The pandemic and subsequent economic slowdown did away with a lot of what used to be considered normal life—adults going to their jobs, kids going to school, people visiting friends and relatives, eating in restaurants, and just basically living a sociable life in the non-virtual world—which may make this the perfect moment for Miranda July’s Kajillionaire.
The focus of the story, such as it is (this is a Miranda July movie, after all), is a family of small-time grifters surviving on the fringes of the sort of normal life that most people take for granted. On the face of it, the Dynes are a traditional nuclear family, consisting of father Robert (Richard Jenkins), mother Theresa (Debra Winger), and daughter Old Dolio (Evan Rachel Wood). Like any good nuclear family, they exist as a self-contained unit within a major city (Los Angeles), whose very size and diversity coincidentally provides them with camouflage.
The Dynes also work together at their family business—which in this case is committing various scams that keep them financially afloat while not taking so much at any one time as to draw serious police attention. Even their living quarters are an unconventional spin on the family homestead, as they share an “apartment” in an abandoned office within a factory, which is subject to periodic invasions of pink foam. So, you could say that their entire existence is really a parody of a conventional American nuclear family, and I dare say that’s no accident.
While Robert and Theresa are committed to their lifestyle (Robert can actually be a bit of a blowhard on the subject), Old Dolio is profoundly depressed, going through the motions (often in a comically frenetic manner) required while simultaneously trying to disappear behind shapeless clothing and a mass of unruly hair. And who can blame her? As we learn over the course of the film, she’s been treated as a means to an end by her parents since birth—even her name was chosen as part of a scam, and her mother states believes any display of affection toward her only child would be phony and fake.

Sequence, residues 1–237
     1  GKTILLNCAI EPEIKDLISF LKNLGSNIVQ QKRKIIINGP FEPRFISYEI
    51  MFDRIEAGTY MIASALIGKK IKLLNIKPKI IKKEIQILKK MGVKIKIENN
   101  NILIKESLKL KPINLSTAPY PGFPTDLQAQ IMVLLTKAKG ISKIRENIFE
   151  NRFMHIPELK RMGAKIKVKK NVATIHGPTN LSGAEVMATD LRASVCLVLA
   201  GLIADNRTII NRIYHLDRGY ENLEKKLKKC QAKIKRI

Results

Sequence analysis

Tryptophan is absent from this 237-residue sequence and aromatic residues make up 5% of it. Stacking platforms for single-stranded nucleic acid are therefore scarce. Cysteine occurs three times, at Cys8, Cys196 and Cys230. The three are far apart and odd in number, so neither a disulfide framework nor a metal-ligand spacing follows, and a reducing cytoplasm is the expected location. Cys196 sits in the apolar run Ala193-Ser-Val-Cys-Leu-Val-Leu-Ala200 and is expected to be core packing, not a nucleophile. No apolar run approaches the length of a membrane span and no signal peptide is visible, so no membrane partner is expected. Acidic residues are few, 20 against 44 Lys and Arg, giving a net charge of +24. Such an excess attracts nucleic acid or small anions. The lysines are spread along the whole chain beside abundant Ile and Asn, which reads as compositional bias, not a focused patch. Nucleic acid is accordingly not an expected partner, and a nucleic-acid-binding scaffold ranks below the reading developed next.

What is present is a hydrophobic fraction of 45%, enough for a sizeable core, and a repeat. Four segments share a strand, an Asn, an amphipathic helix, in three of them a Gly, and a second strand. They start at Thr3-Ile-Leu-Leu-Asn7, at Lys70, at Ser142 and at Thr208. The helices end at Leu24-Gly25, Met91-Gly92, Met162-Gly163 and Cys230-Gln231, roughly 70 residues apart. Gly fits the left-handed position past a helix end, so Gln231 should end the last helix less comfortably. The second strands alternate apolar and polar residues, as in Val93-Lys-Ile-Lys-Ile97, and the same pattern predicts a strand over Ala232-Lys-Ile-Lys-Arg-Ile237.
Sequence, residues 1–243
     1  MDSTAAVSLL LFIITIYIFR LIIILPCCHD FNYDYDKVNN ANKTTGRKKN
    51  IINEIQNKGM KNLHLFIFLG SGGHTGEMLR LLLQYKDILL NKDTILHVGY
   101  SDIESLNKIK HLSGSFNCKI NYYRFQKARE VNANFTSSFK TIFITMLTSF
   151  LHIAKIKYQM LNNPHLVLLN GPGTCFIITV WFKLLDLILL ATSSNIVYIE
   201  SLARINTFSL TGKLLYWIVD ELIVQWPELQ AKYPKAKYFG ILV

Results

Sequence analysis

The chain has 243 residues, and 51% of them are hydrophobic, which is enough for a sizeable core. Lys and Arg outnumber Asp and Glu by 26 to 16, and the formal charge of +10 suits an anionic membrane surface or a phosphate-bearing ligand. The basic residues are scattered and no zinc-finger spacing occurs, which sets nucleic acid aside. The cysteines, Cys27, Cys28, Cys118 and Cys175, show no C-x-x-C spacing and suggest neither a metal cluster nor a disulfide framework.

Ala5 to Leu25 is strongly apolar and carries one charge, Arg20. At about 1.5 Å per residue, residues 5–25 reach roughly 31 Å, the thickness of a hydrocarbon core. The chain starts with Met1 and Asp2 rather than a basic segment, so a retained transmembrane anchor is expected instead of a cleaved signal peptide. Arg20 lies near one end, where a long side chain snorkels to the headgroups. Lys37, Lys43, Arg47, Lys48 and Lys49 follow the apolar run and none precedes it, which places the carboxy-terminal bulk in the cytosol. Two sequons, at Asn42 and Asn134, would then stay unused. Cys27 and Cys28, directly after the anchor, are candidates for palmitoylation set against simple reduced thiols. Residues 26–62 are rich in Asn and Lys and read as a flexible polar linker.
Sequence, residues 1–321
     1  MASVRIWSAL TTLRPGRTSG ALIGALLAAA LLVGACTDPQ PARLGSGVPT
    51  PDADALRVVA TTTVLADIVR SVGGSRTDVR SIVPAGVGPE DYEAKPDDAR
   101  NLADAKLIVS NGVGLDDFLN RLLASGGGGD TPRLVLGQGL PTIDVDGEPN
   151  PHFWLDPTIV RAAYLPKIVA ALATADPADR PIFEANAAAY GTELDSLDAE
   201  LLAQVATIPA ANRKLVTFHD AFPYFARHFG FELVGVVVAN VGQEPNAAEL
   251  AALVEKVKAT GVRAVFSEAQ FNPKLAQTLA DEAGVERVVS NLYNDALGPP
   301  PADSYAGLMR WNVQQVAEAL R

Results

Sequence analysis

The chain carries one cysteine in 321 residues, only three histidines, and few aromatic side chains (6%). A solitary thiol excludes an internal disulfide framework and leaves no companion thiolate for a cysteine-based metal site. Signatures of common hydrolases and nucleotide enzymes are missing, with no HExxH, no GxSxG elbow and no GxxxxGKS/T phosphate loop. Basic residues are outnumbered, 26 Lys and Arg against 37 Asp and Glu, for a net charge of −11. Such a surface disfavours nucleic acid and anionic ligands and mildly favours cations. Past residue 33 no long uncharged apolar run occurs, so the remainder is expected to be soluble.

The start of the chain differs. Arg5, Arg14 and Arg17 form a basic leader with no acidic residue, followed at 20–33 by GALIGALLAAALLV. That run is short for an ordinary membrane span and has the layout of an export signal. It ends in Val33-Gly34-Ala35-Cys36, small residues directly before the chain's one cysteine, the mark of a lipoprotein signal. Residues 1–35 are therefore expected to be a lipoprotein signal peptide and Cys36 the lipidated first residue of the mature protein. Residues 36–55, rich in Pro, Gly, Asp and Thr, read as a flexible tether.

Dysfunctional relationships can continue indefinitely, but they can also end abruptly when one party becomes aware that alternatives exist. In this case, the family dynamic warps temporary to accommodate a fourth scam artist, Melanie (Gina Rodriguez). She’s full of bright ideas and is generally everything that Old Dolio is not—present in her own life, making her own choices, and having a great time in the process. Melanie’s presence blows the formerly stable family triangle to bits, and it’s Evan Rachel Wood’s story from here on out, as she delivers a tour de force performance of a young women belatedly coming to life. Earthquakes play a Chekhov’s gun role in the plot of Kajillionaire, but Melanie is the real earthquake in the Dyne family’s existence, leading to a conclusion in which everyone shows their true colors.
The technical details of Kajillionaire are exquisite, as one would expect from a Miranda July film, with the cinematography of Sebastian Winterø deserving particular mention. Through lens selection and palette, he creates a visual world that is just a bit off kilter, but still recognizably related to our own. I know I was in good hands in the opening scene, which features a yellow city bus contrasted against the pastel teal of a post office exterior, and many more visual delights are presented over the course of Kajillionaire.
Miranda July makes movies that are not quite like those of anyone else, and they’re more Marmite than popcorn—so, if you like your movies conventional and/or haven’t liked her previous features, it’s unlikely you’ll care for this one either. But if you are willing to get on her wavelength, then Kajillionaire delivers the kind of rewards that just aren’t on offer in the work of more conventional writers and directors. | Sarah Boslaugh